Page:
On the 5th of February, 1794 (18 Pluviôse Year II), Maximilien Robespierre addressed the National Convention thus,
If the mainspring of popular government in peacetime is virtue, the mainspring of popular government in revolution is both virtue and terror: virtue, without which terror is disastrous; terror, without which virtue is powerless. Terror is nothing but prompt, severe, inflexible justice; it is therefore an emanation of virtue; it is not so much a specific principle as a consequence of the general principle of democracy applied to our homeland’s most pressing needs.1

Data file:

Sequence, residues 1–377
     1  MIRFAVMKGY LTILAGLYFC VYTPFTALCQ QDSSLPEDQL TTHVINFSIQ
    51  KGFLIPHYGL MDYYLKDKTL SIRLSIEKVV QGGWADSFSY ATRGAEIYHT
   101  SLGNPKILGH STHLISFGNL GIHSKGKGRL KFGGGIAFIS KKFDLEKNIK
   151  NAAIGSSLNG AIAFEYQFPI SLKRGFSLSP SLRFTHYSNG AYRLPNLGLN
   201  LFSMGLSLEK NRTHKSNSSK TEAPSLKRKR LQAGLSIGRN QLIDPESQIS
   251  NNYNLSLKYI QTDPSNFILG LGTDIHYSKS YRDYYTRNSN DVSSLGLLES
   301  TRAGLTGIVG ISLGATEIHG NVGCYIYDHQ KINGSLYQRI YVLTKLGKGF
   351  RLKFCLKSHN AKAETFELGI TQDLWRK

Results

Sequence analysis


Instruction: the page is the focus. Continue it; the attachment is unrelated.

And ever since, a debate has ensued regarding both the man himself and his acts as the virtual head of the Committee of Public Safety. This debate has found its way not only in historical circles, but also in philosophy, political theory and sociology. Throughout its historical life, the Jacobin Republic, under the dominance of the Montagnards (July 1793 - July 1794), has been praised, criticized and slowly brushed under the carpet. Its legacy, which at one time was debated furiously, has now more or less lost significance, even amongst the radical Left of this post-modernist, Fukuyamaist2 political milieu.